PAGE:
Shohei Ohtani of the Los Angeles Angels was the clear standout among the Japanese imports in Major League Baseball during August.
What a surprise, right?
Ohtani has followed his MVP season of 2021 with another outstanding – sometimes awe-inspiring – performance in 2022, and he had an excellent August both on the mound and as a designated hitter.
As a pitcher, he was 2-2 with a 2.20 earned-run average and struck out 31 batters in 28.2 innings. As a hitter, he finished on a high note, going 8-16 in his last four games and finishing the month with a .317 average, 1.039 OPS, eight home runs, and 20 RBIs. That upped his season average from .255 at the end of July to .269. He has 30 home runs and 82 RBI for the year.
In a victory over the Oakland A’s on August 9, Ohtani earned his 10th win of the season for the first time in his major league career. With that, he joined Babe Ruth as the only players in American League and National League history to win at least 10 games on the mound and hit at least 10 home runs in the same season. Ohtani also homered in that game to pass Ichiro Suzuki into second place on the career home run list for Japanese imports; by the end of August, Ohtani had 124 big league home runs, trailing only the 175 of former New York Yankees star Hideki Matsui.
To cap it off, on the final day of the month, Ohtani hit a three-run homer in the sixth inning off Yankees ace Gerrit Cole that was the difference in a 3-2 Angels’ victory. It was his 30th home run of the season, making him the first player in AL/NL history to get 10 wins as a pitcher and hit 30 home runs in the same season.
Ohtani had just one truly bumpy outing, on August 21 against the Detroit Tigers, when he allowed five hits, four walks, and three runs in just four innings. He rebounded in his next start against the Toronto Blue Jays, though, with seven scoreless innings in a 2-0 win. In that game, his four-seam fastball averaged 98 mph – an increase from his seasonal 97.2 mark – and topped out at 99.6. For the season, he is 11-8 with a 2.67 ERA and 1.06 WHIP.
Elsewhere among the import players, outfielder Seiya Suzuki of the Chicago Cubs finished August strongly, indicating that he is gradually adjusting to the MLB environment. He was averaging .260 at the end of July but fell to as low as .241 in August. However, he posted a slash line of .288/.381/.438 since August 9 and was 14-34 in his last 10 games of the month to raise his overall average to .258.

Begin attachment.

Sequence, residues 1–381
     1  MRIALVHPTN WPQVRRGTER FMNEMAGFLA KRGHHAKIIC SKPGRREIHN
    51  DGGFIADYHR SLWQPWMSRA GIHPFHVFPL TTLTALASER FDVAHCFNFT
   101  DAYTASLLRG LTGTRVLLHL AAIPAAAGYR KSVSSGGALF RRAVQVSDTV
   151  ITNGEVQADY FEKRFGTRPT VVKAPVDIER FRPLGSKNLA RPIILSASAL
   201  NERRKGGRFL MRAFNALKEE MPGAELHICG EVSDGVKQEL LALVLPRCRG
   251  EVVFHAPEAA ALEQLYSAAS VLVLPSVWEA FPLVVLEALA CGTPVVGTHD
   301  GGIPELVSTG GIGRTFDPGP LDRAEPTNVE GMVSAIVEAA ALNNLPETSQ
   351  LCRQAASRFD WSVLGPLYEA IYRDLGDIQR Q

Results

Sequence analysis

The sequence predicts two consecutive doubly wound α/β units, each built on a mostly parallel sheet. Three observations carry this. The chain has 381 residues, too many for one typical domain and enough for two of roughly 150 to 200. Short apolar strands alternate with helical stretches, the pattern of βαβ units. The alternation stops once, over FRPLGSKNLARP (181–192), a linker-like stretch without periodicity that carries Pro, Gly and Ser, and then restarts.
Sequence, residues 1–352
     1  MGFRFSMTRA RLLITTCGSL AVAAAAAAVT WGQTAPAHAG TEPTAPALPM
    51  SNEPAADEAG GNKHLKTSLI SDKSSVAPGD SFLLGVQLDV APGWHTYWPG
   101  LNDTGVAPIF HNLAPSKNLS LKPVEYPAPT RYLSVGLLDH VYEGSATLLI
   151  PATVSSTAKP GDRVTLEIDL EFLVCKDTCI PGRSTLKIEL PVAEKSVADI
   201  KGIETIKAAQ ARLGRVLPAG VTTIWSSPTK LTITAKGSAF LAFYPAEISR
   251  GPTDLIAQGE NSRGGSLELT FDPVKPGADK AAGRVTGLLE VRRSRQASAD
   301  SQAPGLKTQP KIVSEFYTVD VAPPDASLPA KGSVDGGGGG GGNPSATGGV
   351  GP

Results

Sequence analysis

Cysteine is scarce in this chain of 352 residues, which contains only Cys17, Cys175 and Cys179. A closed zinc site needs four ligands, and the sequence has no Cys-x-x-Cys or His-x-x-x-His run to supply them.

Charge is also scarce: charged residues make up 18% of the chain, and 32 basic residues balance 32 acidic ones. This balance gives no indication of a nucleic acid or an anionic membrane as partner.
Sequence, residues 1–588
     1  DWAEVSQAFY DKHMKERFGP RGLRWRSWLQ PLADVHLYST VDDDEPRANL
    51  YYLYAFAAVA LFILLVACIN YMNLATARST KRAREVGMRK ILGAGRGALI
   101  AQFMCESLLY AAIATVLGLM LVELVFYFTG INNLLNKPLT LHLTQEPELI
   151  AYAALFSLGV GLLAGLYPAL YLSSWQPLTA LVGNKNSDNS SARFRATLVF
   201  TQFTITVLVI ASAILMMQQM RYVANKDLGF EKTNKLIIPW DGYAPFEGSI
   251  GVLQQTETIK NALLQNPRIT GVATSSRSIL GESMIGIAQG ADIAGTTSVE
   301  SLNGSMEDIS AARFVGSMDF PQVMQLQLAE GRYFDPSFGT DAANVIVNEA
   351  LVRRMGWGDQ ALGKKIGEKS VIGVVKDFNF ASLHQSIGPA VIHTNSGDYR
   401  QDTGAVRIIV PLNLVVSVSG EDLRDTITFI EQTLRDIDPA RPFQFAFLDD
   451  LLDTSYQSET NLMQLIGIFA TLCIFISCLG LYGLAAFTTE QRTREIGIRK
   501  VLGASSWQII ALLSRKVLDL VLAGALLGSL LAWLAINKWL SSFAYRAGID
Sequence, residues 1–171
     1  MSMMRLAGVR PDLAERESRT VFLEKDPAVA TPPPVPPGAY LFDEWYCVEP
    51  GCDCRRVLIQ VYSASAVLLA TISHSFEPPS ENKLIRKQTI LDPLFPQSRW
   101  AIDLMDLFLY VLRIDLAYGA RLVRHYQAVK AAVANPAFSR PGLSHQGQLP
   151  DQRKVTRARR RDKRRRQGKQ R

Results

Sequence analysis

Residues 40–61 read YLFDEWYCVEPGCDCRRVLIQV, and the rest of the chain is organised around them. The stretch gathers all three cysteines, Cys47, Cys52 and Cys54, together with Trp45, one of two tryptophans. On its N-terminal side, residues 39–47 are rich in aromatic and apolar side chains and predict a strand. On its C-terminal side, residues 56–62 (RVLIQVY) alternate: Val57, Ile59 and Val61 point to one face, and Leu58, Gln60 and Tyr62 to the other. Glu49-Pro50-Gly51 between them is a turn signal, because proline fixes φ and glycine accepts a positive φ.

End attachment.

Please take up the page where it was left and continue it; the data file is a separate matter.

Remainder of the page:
In addition, his strikeout rate has declined and his on-base rate has increased. In nine seasons with the Hiroshima Carp of Japan’s Nippon Professional Baseball (NPB), Suzuki struck out in just 17.9 percent of his at-bats and posted a .402 on-base percentage. In his first year with the Cubs, Suzuki has struck out in 27.6 percent of his at-bats and has a .333 on-base percentage. However, since August 9, his strikeout rate has been 18% – almost exactly that of his NPB career – and his OPB .381.
His slugging percentage is just .419 thus far with Chicago, compared to .541 during his NPB career. But – again, since that magic August 9 – his average exit velocity, barrel rate, and hard-hit rate have been above league average, though his launch angle still trails the league average, which could be part of the reason his slugging percentage has not improved significantly.
That brings us to Yu Darvish of the San Diego Padres, who is 11-7 with a 3.41 ERA and an outstanding 0.99 WHIP for the season. August was his poorest month statistically – 2-3 with a 4.05 ERA and 30 hits allowed in 33.1 innings – but he lost a couple of games in which he did not pitch badly. He gave up just two earned runs and walked no one in a six-inning outing versus the Los Angeles Dodgers, and he later lost to the Washington Nationals, despite allowing just five hits, no walks, and three runs in 8.1 innings. His only mediocre effort was also against Washington when he gave up four runs, and two home runs in six innings.
In his final start of August, Darvish gave up three runs in the first inning against the Kansas City Royals but followed that with six shutout innings in a 4-3 victory.